Interview with Hugh Gilmartin AR at D’Addario
View the full one here: www.plikm.com/hugh-gilmartin-daddario/
I’m in a band and I want a deal. You deal with a ton of artists.
What are you looking for these days so it’s worthwhile to all parties? Everyone wants and thinks they deserve free strings. How does one earn them?
We ‘re fortunate to have the best products & brands on the market. That said, we receive over 100 endorsement inquiries per week. At the risk of sounding overly business-like, the bottom line is, will you act as an ambassador for our products & influence other musicians to buy our products?
We seek relationship with artists that are mutually beneficial. Signing an artist is a bit like a marriage. The wedding happens, a big party takes place & everyone is happy. However, the real work/relationship building takes place in the years following the wedding. That’s where things truly blossom for both parties involved.
Interview with tech/stage mgr Grizz
How do you get an endorsement deal with Orange Amps?
Read the interview with Alex:
An Orange is something a kid (or adult) will have to save up for. What is it about Orange that makes it a worthy investment? Are there any entry level products that you can talk about for the budget minded shopper that’s craving an Orange? Maybe a hat?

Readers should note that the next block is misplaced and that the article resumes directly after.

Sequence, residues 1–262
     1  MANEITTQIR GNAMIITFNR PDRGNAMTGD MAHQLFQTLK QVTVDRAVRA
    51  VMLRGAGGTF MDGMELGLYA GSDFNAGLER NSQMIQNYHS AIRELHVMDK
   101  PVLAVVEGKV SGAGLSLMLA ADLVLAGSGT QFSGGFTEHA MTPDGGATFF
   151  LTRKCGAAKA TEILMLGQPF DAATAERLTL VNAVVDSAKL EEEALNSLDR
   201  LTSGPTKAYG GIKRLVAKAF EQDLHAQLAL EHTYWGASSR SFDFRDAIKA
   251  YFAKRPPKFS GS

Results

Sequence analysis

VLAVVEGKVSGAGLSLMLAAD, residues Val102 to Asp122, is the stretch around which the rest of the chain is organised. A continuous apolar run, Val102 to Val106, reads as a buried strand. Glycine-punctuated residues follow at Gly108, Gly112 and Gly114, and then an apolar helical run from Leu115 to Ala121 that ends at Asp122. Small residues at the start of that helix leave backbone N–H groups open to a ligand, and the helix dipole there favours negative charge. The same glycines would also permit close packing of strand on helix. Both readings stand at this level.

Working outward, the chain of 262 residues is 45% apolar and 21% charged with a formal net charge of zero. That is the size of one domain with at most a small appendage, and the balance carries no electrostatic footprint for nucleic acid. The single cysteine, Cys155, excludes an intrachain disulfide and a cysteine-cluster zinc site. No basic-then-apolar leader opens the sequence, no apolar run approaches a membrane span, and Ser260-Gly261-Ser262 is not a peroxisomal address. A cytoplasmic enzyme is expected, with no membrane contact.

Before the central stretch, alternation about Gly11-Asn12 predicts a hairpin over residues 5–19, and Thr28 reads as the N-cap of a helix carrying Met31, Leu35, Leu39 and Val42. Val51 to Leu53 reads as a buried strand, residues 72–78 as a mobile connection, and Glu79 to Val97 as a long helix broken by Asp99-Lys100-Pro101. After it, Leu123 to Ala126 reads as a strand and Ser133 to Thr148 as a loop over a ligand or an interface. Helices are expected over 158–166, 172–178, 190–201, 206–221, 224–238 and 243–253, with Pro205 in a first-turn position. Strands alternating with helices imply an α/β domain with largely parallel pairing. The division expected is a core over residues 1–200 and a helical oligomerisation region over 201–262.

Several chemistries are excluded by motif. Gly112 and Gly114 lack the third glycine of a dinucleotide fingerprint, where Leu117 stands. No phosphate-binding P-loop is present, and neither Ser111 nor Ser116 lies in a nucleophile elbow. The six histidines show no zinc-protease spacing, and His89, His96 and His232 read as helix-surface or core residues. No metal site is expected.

One of our big goals is to make Orange accessible to everyone. We have our Crush PiX line of solid state amps that have digital FX but great tone. Moving up in price we have the Tiny Terror range of bass and guitar amps. They’re small, moderately priced, but still totally giggable. And of course for the professional guitarist or bassist there are our UK range of amps. The fact of the matter is that our amps are still made with quality components and built to last. Not everyone is doing that these days. You really do pay for what you get.
Read it all here: http://www.plikm.com/alex-auxier-orange-amps-interview/
Interviews with Dave Ellefson and JB from ABR up
Site’s been down for a bit, so I’ve been repopulating everything. More good interviews to come. If you like to talk about instruments and specifically endorsements, you might be interested. If you want to see anyone up there, let me know!
Interview with Jan from Outerloop Management
Jan’s a youngster that interned and is now a full on badass at Outerloop Management (Darkest Hour, Periphery, We Came As Romans, Emery) as an assistant to the CEO and head of endorsements. Read how he got his start and how he handles endorsements with their stable of bands.
For the full article:http://plikm.com/2011/10/jan-hoeglund-outerloop/
What are some of the difficulties you find when trying to get your artists endorsement deals?
There are various challenges along the way, but at the very core I would say the difficulties are two-fold: 1. Making sure the artists understand what ”endorsement” means and 2. Making the companies believe in your artists.